EE: Is there more you can share to let developers know what your plans are?
DL: I did want to mention one more feature we’ll be releasing, Buy With Friends. If a user wants to, they can share a purchase they made in the game with their friends. We found that more than 50 percent of users actually elected to share their purchase, and their friends can elect to buy the same thing — get 40 percent off this special monster food, etc. We’re really innovating on social purchasing, and you’ll see a lot of these features roll out over the next few months.
EE: Kevin, your company actually doesn’t use Credits. How do you feel about this?
KC: What’s emerged for us is that we have a very different payment ecosystem. We have a lot of stored value… as we transition to Credits, how do we recreate the payment flows that are unique to our game, and create a similar experience? The other thing when we’re thinking about the program, is that when Deb says there are things only a platform can do, that’s very correct. So how does Facebook get people to not only think of the platform as a virtual economy, but also get more stored card accounts in? The numbers I hear are that Apple has about 160 million.. Deb will have to speak for Facebook. But that’s a huge amount of value, and the ability to reduce that friction in a payment process is so key to the whole ecosystem, that if Facebook can create that…
Audience question: Will there be a policy about killing off payment processes? Will others be prohibited from using other payment flows?
DL: All payments will go through our process, but we actually have a relationship with PayPal that allows us to go through a really seamless flow with them. But yes, you’ll be prohibited.
Audience question: I’m curious about where Credits is going in terms of Facebook’s plans for ecommerce.
DL: We really built Credits with virtual goods in mind.
Audience question: I’ve heard a lot of horror stories about promotional Credits, where you see a high spend and then find out you only earned 50 percent of what you saw. What’s the plan to make sure people aren’t screwed?
DL: We actually seeded many of our users over summer of last year and giving out promotional Credits. This was an opportunity to educate users, and a lot of them came back to make more purchases. We’re not planning a massive seeding campaign again. We may do targeted campaigns again, but not a massive one.
RN: In the beginning, we took a pretty hard hit. But over time it progressively went to a more sustainable portion, for us it’s around 10 percent. So it’s OK, because it brings more people who hadn’t paid before. I think it’s positive for us.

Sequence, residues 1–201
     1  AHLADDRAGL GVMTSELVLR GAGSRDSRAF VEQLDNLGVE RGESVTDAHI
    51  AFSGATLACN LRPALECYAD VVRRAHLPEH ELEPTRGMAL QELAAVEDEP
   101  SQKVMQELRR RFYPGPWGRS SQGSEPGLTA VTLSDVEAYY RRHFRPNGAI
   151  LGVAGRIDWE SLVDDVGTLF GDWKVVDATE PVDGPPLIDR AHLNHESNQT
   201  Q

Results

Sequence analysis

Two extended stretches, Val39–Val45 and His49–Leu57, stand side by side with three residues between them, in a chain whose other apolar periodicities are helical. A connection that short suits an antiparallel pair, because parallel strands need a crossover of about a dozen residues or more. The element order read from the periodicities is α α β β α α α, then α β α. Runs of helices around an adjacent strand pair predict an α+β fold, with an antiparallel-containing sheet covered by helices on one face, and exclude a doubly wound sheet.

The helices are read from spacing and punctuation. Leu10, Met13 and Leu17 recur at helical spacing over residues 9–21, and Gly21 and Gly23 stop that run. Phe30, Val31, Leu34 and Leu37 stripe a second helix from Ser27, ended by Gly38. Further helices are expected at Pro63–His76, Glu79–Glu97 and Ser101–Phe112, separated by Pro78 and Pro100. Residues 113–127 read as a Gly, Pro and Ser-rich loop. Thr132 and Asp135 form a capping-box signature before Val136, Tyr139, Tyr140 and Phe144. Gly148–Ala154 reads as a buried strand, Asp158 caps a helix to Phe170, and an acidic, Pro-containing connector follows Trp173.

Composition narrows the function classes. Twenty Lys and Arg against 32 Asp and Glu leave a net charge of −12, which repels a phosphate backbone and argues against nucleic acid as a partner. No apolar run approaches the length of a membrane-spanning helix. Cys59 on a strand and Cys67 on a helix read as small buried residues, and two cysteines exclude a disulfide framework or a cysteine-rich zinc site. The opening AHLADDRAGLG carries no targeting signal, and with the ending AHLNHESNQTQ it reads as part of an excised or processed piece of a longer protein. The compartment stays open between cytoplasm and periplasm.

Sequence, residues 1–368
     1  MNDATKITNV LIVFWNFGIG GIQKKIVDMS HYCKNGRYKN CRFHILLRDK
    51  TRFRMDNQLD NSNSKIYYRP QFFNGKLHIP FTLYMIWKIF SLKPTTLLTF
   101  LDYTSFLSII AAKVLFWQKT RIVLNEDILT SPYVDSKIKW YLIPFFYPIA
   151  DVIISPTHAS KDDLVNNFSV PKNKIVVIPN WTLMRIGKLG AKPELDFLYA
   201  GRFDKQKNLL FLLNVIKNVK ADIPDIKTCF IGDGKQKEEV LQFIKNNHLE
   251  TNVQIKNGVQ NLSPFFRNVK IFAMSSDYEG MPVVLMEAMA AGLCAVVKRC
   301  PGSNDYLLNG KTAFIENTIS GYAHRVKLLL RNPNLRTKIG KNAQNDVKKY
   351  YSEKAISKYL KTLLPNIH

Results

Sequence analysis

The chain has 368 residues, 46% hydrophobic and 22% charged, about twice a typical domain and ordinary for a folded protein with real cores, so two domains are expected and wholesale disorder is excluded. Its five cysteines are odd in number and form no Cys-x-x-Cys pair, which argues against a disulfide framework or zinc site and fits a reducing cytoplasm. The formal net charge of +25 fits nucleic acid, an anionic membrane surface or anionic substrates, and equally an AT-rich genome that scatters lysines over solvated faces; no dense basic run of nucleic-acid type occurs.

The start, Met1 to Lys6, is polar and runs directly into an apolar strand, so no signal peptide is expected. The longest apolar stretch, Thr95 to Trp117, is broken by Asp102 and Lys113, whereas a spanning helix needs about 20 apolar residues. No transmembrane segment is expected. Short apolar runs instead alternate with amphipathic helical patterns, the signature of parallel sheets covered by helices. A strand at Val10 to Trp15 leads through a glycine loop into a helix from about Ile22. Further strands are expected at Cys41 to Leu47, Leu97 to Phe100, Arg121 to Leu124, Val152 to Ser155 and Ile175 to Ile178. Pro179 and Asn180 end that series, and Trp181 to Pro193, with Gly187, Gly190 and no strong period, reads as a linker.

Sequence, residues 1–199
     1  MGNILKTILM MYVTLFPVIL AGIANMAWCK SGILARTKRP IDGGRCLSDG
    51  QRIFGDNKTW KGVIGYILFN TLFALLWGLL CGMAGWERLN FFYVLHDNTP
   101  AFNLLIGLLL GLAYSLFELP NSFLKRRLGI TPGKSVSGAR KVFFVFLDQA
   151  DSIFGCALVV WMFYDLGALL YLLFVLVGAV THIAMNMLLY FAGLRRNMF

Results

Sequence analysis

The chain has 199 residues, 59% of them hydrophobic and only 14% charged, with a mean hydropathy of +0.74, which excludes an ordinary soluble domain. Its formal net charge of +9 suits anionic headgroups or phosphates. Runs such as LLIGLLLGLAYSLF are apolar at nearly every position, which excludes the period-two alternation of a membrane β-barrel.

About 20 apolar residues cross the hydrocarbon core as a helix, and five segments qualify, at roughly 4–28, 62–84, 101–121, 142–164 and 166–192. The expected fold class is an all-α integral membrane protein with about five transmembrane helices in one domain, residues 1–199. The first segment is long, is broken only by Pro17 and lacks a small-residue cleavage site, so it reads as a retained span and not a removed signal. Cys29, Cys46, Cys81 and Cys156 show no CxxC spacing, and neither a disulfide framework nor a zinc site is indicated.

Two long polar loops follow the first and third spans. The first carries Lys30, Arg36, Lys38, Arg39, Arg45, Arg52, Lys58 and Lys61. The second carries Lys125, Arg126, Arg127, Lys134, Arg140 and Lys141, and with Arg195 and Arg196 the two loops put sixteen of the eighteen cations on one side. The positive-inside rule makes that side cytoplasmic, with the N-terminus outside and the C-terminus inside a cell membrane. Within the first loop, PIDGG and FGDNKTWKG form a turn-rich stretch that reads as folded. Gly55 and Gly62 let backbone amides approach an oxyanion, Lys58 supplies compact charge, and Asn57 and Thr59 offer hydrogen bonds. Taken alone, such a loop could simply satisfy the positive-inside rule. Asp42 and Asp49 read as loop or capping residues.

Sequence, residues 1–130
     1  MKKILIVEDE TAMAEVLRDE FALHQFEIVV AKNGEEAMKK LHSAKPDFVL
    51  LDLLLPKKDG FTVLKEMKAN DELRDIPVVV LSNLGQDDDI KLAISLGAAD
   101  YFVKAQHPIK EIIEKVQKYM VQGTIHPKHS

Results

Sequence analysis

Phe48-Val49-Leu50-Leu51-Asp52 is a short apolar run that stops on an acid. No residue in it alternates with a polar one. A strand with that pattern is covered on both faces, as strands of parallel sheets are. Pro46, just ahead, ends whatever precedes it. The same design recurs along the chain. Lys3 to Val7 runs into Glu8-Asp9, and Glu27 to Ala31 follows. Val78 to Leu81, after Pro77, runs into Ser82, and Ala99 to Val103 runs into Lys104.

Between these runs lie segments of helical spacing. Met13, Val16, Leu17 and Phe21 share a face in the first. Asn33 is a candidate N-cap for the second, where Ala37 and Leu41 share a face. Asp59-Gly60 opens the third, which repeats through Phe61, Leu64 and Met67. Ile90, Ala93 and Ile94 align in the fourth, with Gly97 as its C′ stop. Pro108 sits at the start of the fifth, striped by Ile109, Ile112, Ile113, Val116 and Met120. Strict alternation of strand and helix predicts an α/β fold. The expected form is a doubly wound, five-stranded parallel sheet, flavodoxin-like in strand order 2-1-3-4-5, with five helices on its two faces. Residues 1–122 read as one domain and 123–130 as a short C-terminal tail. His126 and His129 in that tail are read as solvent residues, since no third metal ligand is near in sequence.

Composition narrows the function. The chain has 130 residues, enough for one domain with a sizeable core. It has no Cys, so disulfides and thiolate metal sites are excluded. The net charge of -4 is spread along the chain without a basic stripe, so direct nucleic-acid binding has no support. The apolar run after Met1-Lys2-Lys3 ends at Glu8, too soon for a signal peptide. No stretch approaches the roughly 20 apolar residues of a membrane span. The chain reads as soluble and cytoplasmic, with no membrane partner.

JB: I’ve been talking to a lot of developers who tell me that 60 to 70 percent of their volume is promotional. At Wooga we’ve been using them for a long time — what I can tell you is that when the promotional Credits rolled out the paid volume stayed the same, and there was a huge spend on top of that. Our revenue never went down. I think probably long-term they had a positive effect.
DL: I do want to say, this is actually a reporting issue, and one of the things we weren’t great at was getting reports to users to help them understand.
EE: Across a lot of games, when people buy a block of game currency, the left over game coins were a big incentive to make impulse buys later. Do you have any plans to structure Credits so that people make similar impulse buys?
DL: One of the good things about Credits is that there are usually some left remaining, and also our gift card systems will do that, and there will be other websites that drive Credits purchases. It’s having a balance and liquidity to spend, and we’re seeing really good conversion.
EE: You’re trying to get people to use Credits as their in-game currency, but some developers think it’s better to have their own. Why are you pushing that?
DL: Developers have a choice today. But we’re offering additional incentives to developers who use Credits as their in-game currency, and we think it’s really good for education.
Audience question: Our game is similar to Kevin’s, and we’re very dependent on our whales. Facebook Credits converts really well for small payments, but it seems to be really poisonous to the whales — overwhelmingly, people will choose PayPal, especially when you get up to $500 or more. We’re really concerned that will erode our audience. If we’re going to prohibit people from making that choice, how will that affect an app that works on multiple platforms? Could a user go to an open web version to buy currency for a better rate than they do on the canvas?
DL: I think you have a couple questions. One, you’re asking about whether our system works well for whales. We’d like to take a look at your data. In the next five months, we want to learn about these kinds of things. In the second part of the question, the ability to make purchases on the web, the policy applies only to the Facebook canvas. One thing that’s important to us is that there be price parity, but in your case, let’s talk about it.